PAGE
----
Reading roundup for Sun Sep 12: the RSS reader is dead – again, thoughts on opposing net neutrality, an IIMK startup, a remarkable life and more

In tech, we read another article about the irrelevance of the RSS feed reader. Comically, to bolster its case, it cites another article from 2006 that also pronounced the RSS reader dead. Google Reader was a wonderful idea to begin with, and it became a daily destination when it introduced shared items, followers, likes, comments and the whenever-you’re-bored ‘Explore’ tab for posts you’re likely to be interested in.

Reader really became a community thing with Buzz. Your friends’ shared items now showed up in your Buzz stream and you could like, comment and reply right there, a la Facebook. Twitter just isn’t that social, and you just can’t cover as many sources with Facebook as with Reader. My network is hardly a statistically significant sample, but there are many times as many friends on Reader/Buzz now than that article in 2006.

Also, we read an argument about why the US Government’s current net neutrality proposal is – contrary to most new coverage – actually anti-business. (“… the FCC has crafted a brand new concept of non-discrimination. Non-discrimination under the FCC’s net neutrality proposal means that ISPs cannot offer enhanced services beyond the plain-vanilla access service to content providers at any price”) In other words, under this regulation, ISPs are condemned to become dumb pipes, able to differentiate purely on the basis of local availability and price, in a race-to-the-bottom.

I’ve always opposed net neutrality regulation; that the FCC instead ought to put into place incentives to ensure choice, to grow the pie instead of distributing the pie that exists today (as an aside, I use the same analogy as the definitive difference between capitalism and socialism). There’s no problem in having a particular brand of anti-virus pre-installed on my new computer, or a particular search engine set as default on my browser, or a particular portal being loaded in a browser window every time I connect to my broadband network, or a my broadband provider choosing not to distribute an dialler for OS X. Non-neutrality, or preferential treatment is *everywhere*, and broadly acceptable.

If I were to be offered a monthly plan that would offer faster and cheaper access to Google’s bouquet of services (search, mail, reader, news, chat, maps, photos) and none at all to Yahoo’s andor Microsoft’s sites, I’d gladly take it. (I’d need to migrate all my photos from Flickr to Picasa and import my old bookmarks into Google Bookmarks). Under the current proposal, it appears that ISPs would be forbidden from even offering a plan like this. Instead, the FCC ought to ensure that for the same geography, customers have alternate plans and at least one alternative that – at whatever price – offers a completely neutral plan. If that requires the Government to setup its own ISP, so be it. (This last point is the same as the “public option” for health care that the Obama administration had proposed).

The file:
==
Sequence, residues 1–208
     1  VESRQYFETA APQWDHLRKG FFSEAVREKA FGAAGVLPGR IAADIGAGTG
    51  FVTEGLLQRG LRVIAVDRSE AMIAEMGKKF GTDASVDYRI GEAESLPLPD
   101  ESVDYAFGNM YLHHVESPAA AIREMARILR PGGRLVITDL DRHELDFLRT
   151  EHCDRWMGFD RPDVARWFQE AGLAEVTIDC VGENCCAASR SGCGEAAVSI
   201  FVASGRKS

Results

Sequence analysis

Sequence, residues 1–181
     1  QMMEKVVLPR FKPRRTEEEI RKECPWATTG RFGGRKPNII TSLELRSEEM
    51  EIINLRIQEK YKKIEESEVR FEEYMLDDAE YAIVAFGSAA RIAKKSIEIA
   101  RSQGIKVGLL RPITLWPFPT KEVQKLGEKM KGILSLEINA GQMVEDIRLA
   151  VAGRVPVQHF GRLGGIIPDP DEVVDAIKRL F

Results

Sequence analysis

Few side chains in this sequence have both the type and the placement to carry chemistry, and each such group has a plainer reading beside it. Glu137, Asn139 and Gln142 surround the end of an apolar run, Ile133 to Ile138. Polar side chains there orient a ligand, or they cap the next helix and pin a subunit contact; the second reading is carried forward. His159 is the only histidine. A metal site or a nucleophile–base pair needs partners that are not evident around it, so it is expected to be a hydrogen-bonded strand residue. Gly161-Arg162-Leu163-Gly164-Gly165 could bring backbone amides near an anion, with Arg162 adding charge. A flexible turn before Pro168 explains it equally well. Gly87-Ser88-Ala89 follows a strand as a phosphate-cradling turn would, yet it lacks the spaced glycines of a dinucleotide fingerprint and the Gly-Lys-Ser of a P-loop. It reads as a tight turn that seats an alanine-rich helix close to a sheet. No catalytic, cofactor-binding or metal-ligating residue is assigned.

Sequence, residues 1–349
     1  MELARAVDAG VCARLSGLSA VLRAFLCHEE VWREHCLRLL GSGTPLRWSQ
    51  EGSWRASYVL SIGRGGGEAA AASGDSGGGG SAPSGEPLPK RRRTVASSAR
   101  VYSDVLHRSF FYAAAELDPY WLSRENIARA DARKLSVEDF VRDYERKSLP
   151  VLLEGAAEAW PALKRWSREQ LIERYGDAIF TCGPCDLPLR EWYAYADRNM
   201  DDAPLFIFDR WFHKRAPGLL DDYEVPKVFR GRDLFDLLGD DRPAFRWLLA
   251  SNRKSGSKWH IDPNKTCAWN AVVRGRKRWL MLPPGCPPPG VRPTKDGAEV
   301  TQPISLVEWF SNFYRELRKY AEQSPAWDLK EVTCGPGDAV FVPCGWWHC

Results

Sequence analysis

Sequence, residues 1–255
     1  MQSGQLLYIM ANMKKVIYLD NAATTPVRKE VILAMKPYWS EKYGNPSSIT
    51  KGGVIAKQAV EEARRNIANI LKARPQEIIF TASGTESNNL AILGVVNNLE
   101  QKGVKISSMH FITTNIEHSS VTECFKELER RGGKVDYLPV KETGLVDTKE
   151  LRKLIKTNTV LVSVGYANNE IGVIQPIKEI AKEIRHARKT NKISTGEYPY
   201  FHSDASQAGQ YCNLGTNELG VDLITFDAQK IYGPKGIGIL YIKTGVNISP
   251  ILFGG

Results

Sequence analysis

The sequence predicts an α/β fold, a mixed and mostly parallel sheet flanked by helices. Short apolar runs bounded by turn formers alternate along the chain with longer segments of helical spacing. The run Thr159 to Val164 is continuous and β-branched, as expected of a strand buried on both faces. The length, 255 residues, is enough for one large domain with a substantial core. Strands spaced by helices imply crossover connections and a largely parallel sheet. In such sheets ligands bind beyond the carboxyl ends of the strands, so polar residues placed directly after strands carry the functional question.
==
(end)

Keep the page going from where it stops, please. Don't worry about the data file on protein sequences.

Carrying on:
Finally, a musing about why more ‘social’ startups don’t start from your most important social network – your mobile address book. (“Why are so many startups content to build on top of the Facebook or Twitter social graph, when a lot of them can access your actual social graph in your mobile contact book?”) I’ve wondered about this several times, and tried to imagine a startup whose pitch could be “let us mine your address book, your message history, call logs, mobile email and let you know whom you interact with when for what, and you can choose whom to leave out (boss, or people you may not want other people to know of). Then we can layer location, social network data and the like on top and actually suggest future interactions, activities, places and purchases for each of them.”

In non-tech, the Economic Times profiled a startup – founded by two of my immediate seniors at IIM Kozhikode – that’s quite a success, at a turnover of INR 2 crore. His first email to the IIMK alumni group about this ventures this March began “I am from the Class of 2007 @ IIM K. I, along with a batch mate of mine(Venkata Raghulan), started an educational services venture called FACE – Focus Academy for Career Enhancement… we sign-up MoUs with educational institutions and offer Career Grooming services…” From what I could gather from the report, it’s come a long way since.

Finally, we re-read this article from the Study Hacks blog that argues that to lead a truly remarkable life, (do something meaningful and enjoyable on a flexible work schedule that gives you enough compensation), you MUST be able to offer something rare and valuable.

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